All students have the opportunity to learn and be successful. Teachers, counselors, and the administrative staff strive to provide students with the best education possible. To achieve this goal, school expectations have been created in order to support an environment that is safe and promotes an atmosphere of learning.TAG students are expected to follow all of the Boonville School handbook expectations. The TAG teacher will go over area expectations with students the first week, but all expectations fall under:
Always Give Your Best Be Respectful Be Safe Be Responsible
Develop skills to promote lifelong learning
Student Performance And Content Area Goals:
1. Become positively motivated, be encouraged to display desirable behaviors and develop a good
2. Be exposed to more challenging problems in order to realize that he/she can cope with difficult situations and it is not catastrophic if they must face a problem they are unable to immediately solve.
4. Develop awareness for the need to use their talents to make a positive contribution to society.
5. Acquire intellectual skills from analyzing, defining problems and finding alternative solutions.
6. Attain academic intellect through acquisition, organization and evaluation of knowledge.
7. Develop creative thinking skills, critical thinking skills, problem-solving abilities and logical thinking skills.
8. Develop confidence and responsibility in self, respect for self and others, understanding self as a gifted learner and assume responsibility for product development and completion.
9. Participate in various projects and activities in order to create original and worthwhile
10. Expand knowledge and awareness of various fields of study and develop new interests
that might lead to more intensive independent investigations.
11. Further develop the ability to use various resources for research, plan and produce an independent
investigation focusing on individual interests and/or needs, analyze the information for relevance to topic, organize information, construct products which effectively communicate the results of the investigation
and document sources appropriately.
12. Participate in a variety of structured programs designed to synthesize developing skills and meet a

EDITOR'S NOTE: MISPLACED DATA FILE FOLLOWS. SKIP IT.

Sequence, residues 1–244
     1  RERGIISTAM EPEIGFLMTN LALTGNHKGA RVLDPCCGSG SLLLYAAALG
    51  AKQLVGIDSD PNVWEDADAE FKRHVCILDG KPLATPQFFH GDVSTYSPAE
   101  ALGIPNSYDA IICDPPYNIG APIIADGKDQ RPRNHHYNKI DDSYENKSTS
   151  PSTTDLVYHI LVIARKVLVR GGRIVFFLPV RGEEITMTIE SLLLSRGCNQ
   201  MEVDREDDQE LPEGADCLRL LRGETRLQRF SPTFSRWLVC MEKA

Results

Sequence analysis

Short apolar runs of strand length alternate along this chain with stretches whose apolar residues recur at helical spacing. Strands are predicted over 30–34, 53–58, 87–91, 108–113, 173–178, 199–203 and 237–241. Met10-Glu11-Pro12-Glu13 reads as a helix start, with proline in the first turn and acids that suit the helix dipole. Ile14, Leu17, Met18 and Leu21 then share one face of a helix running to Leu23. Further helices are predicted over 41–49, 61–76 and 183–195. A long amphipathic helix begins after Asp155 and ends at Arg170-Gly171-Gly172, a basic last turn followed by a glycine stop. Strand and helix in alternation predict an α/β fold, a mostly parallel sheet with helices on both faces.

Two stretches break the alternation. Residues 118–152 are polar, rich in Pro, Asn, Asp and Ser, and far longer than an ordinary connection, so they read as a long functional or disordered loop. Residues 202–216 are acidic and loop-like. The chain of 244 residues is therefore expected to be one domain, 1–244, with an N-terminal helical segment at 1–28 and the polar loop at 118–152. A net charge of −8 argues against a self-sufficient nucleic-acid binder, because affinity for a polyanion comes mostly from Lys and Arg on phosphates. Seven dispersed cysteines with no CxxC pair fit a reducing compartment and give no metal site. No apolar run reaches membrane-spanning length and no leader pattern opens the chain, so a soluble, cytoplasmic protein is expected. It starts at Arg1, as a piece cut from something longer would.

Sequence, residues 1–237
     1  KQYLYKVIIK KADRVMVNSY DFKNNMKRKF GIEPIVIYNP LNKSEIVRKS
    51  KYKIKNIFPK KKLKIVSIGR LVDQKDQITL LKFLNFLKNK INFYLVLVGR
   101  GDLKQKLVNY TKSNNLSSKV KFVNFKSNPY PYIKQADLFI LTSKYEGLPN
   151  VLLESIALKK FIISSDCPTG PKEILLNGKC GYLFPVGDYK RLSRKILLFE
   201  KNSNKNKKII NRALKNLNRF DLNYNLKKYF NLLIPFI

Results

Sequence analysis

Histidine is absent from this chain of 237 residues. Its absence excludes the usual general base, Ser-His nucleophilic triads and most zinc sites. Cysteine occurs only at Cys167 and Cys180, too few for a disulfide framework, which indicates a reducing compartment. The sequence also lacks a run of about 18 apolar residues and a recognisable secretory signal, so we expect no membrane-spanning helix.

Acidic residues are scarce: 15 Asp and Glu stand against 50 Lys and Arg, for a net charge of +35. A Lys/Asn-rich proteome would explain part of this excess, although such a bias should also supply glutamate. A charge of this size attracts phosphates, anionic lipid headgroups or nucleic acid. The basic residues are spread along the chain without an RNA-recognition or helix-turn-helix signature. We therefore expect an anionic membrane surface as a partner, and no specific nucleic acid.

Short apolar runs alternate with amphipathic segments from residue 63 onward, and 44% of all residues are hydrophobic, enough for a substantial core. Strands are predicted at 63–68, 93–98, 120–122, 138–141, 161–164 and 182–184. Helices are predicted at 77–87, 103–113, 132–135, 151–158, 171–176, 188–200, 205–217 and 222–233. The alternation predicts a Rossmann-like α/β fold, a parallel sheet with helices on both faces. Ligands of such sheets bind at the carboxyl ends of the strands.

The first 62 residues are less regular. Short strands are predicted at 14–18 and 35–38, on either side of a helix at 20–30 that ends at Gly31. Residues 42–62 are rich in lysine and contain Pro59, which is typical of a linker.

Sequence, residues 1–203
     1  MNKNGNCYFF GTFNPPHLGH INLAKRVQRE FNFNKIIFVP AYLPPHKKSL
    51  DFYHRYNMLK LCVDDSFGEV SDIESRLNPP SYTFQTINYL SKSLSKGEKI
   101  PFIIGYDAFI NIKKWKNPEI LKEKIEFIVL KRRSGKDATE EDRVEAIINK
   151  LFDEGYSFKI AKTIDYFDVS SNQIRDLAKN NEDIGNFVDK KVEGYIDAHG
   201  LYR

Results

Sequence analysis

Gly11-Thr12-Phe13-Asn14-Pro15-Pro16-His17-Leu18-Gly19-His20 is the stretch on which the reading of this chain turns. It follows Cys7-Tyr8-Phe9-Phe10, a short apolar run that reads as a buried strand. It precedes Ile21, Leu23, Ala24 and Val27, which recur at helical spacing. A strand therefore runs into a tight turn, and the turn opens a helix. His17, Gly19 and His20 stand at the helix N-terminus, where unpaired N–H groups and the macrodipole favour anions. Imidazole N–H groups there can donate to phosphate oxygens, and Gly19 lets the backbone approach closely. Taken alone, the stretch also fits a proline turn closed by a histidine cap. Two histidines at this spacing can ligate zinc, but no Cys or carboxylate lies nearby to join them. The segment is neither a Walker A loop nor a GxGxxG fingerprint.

quality level of expectation in presenting the final product to a varied audience.
13. Self-evaluate performance and products and when appropriate, evaluate the performance and
products of peers.
Content and Processes Related to Equity, Technology, Research and Workplace:
Equity: In units on explorers, athletes, famous people, inventors and inventions, female role models, black people in history and Native Americans the students learn about the obstacles these people encountered and what characteristics they possessed to reach their goal.
Research: During third quarter, students choose topics of their interest (Independent project) and conduct research using resources in the library and on the Internet to develop an original project. For example, an eighth grader researches an occupation of interest to them. They research the skills and education or instruction needed to successfully work in that field. The students present their findings and knowledge of the occupation by way of constructing an essay, project display and a 3D model.
Technology: Students use Computer-Assisted Design Program to produce creative graphic assignments. The Lego-Logo and Techno K'Nex Programs allow students to construct and program machines. These programs provide experiences in building projects and programming their movement to achieve specific goals. Other activities and projects include, but are not limited to: Google Classroom, Webquests, Tinkercad 3D printing, Online logic games and puzzles, Research, Powerpoint, Robotics-EV3, Word Documents, Excel,Web Page Development, Animation, Computer Programming, Coding, IPad Applications, Chromebook Applications, Google search engines along with other kid safe search engines for lower grades. ***Please make sure your child has signed a district technology form.